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VACCINES

‘No all clear’: What Germany’s falling Covid numbers say about the third wave

For the fourth day in a row, the Covid-19 infection rate has dropped in Germany - but experts disagree about whether the country has truly broken the back of the pandemic.

'No all clear': What Germany's falling Covid numbers say about the third wave
Health Minister Jens Spahn holds a press conference on the latest Covid-19 statistics on April 29th. Photo: picture alliance/dpa | Kay Nietfeld

On Friday, the Robert Koch Institute (RKI) reported that the number of new daily Covid-19 cases had dropped in Germany for the fourth day in a row, with thousands fewer new cases than in mid-April.  

The number of daily infections has gone down by 3,000 compared to the previous week and now stands at 24,329, suggesting that vaccination efforts and new nationwide restrictions could be having the desired effect.

Authorities are still deeply concerned about high number of Covid-19 deaths, which has remained relatively constant despite the drop in infections. In the latest figures, 306 new deaths were registered, bringing the total number of deaths since the start of the pandemic up to 82,850.

As has been the case throughout the pandemic, there are also large differences in infection rates across regions.

READ ALSO: IN NUMBERS: Where are Covid-19 cases going up (and down) in Germany?

The majority of new reported cases came from North Rhine-Westphalia – the most populated state in Germany – where 5,629 new infections were recorded in a single day. This was followed by the southern states of Bavaria and Baden-Württemberg, which recorded 4,294 and 3,478 new daily cases respectively.

In Berlin – Germany’s largest and most populous city – new infections stood at 742 on Friday, down from 796 on Tuesday. Meanwhile in Hamburg, there were 401, 387 in Munich and 293 in Frankfurt.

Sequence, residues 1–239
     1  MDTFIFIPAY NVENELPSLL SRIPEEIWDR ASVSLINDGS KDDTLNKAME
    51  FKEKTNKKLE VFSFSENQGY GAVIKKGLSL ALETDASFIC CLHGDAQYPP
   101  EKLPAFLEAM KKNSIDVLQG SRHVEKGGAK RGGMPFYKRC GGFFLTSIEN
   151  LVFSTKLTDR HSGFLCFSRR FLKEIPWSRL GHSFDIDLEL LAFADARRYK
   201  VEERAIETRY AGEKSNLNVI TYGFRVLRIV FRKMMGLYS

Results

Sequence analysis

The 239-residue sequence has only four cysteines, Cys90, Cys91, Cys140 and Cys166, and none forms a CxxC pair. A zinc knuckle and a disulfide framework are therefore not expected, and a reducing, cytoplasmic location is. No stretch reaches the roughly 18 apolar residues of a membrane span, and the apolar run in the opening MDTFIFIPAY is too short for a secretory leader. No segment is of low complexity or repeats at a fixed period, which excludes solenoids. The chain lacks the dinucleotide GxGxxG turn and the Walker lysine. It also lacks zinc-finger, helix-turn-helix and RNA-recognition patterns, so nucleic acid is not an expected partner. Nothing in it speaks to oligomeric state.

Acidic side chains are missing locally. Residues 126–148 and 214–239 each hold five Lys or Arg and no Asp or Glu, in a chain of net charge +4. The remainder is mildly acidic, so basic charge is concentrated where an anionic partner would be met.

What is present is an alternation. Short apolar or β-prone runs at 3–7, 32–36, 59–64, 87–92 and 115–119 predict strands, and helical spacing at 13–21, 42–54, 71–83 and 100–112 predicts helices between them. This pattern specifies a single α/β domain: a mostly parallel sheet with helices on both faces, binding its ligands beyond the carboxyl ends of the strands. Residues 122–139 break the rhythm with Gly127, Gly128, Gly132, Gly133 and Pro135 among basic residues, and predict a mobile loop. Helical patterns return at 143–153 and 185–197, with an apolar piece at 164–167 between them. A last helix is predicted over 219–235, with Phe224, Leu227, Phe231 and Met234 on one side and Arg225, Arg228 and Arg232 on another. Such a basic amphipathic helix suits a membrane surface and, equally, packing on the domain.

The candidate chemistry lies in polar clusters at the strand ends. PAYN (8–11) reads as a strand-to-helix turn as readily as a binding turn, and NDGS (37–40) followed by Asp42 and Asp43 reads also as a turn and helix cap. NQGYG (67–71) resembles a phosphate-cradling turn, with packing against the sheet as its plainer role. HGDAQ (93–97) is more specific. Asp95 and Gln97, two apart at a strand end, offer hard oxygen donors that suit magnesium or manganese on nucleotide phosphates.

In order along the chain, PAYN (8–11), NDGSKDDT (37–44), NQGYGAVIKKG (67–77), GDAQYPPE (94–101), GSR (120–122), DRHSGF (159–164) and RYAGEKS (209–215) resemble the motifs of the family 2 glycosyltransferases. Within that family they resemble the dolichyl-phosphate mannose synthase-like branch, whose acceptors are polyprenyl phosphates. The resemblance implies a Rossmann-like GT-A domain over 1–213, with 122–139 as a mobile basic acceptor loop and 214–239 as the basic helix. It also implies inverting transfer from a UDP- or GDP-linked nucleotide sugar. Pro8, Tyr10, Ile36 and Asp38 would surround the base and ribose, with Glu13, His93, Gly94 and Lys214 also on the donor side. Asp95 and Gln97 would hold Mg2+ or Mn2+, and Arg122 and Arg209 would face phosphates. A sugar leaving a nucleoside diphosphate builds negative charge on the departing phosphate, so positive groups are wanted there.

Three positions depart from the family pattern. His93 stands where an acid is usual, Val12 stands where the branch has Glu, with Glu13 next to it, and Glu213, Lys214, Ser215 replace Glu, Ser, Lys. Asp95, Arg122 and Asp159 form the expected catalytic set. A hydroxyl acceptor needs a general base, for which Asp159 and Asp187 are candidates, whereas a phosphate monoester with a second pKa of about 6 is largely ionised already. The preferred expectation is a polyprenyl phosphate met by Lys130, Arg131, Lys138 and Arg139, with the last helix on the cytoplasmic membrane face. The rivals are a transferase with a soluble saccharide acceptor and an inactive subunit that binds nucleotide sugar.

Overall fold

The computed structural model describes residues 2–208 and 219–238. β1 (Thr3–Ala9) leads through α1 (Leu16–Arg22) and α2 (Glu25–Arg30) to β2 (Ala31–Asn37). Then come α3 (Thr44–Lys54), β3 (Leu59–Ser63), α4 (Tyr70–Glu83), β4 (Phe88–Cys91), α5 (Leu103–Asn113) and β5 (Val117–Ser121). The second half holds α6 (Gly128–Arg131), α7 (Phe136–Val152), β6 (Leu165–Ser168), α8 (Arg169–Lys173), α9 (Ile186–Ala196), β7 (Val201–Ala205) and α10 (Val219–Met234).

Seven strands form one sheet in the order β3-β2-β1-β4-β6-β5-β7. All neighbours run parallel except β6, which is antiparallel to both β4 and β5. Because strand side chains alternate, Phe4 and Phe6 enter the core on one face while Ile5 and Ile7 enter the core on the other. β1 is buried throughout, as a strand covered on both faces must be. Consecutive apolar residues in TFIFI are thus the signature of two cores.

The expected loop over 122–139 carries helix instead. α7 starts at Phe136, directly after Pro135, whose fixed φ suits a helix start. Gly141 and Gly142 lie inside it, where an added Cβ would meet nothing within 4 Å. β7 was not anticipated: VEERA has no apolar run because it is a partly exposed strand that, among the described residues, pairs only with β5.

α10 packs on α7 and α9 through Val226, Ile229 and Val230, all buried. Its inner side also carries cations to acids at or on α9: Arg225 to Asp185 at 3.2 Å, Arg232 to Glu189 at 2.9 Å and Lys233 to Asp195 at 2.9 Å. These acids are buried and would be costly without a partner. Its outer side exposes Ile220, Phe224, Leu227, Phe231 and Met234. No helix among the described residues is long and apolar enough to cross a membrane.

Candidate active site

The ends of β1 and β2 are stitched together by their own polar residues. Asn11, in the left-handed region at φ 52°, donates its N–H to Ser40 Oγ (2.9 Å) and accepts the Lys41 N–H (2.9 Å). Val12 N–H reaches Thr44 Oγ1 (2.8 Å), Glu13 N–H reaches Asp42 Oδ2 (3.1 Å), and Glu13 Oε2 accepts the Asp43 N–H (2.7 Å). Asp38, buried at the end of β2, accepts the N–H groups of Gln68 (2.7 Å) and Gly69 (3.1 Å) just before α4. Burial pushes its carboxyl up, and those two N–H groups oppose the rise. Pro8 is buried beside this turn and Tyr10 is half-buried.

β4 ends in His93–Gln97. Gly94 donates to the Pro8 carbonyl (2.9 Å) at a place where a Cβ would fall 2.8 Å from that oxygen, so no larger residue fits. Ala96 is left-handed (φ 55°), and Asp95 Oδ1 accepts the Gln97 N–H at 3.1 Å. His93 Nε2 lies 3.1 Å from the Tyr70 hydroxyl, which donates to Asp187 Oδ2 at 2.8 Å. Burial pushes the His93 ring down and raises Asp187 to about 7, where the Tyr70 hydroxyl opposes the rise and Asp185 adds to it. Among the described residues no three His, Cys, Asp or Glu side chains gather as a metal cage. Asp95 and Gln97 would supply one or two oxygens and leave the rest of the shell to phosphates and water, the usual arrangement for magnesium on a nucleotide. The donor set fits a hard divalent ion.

Experts do say, however, it is likely that many more coronavirus cases go undetected.

The chart below by Our World in Data shows the daily new confirmed Covid cases in Germany on a rolling 7-day average.

‘Numbers need to fall, not just stagnate’

So what does this all mean? According to the latest RKI figures, the national 7-day incidence of Covid-19 infections per 100,000 inhabitants has dropped noticeably since the start of the week. On Monday, the 7-day incidence stood at 169.3, while on Friday morning, this number had sunk to 153.4. 

Nevertheless, both politicians and disease experts have been reluctant to sound any notes of celebration just yet.

RKI chief Lothar Wieler and Health Minister Jens Spahn. Photo: picture alliance/dpa | Kay Nietfeld

On Thursday, German Health Minister Jens Spahn appeared in a press conference alongside Lothar Wieler, the president of the Robert Koch Institute, to warn that – despite the recent drop – Covid-19 infections rates were still at a critical level.

“There’s hope, but no all clear,” he told reporters. “The numbers don’t just have to stagnate – they have to fall.”

With worldwide infection rates jumping by 24 percent in a single week, Wieler said the pandemic was clearly “far from over.” 

However, with infections rates moving in the right direction, he praised the efforts of individuals in sticking to the latest Covid-19 measures – which include stricter contact rules and curfews in some places – and urged people to remain vigilant over the coming months.

“Let us continue to show solidarity with one another in order to break the third wave – this way we can prevent the un-vaccinated from getting infected at the last minute,” he said.

Vaccination picks up pace

The news of the drop in Covid-19 comes as the previously faltering vaccination rollout in Germany has started to gain momentum. 

With doctors’ surgeries carrying out vaccinations since the start of April and the ironing out of vaccine supply issues, daily vaccinations in Germany reached record levels this week. 

Photo: picture alliance/dpa/XinHua | Cristian Cristel

On Wednesday, almost 1.1 million doses of vaccine were administered to people in Germany, smashing Europe-wide records for the highest number of vaccinations carried out in a day.

With elderly people first in the queue to receive their first dose of the vaccine, the supercharging of the inoculation campaign has started to be reflected in hospital and infection figures across Germany.

READ MORE: Vaccine effect – Covid-19 hospital admission rate falls in Germany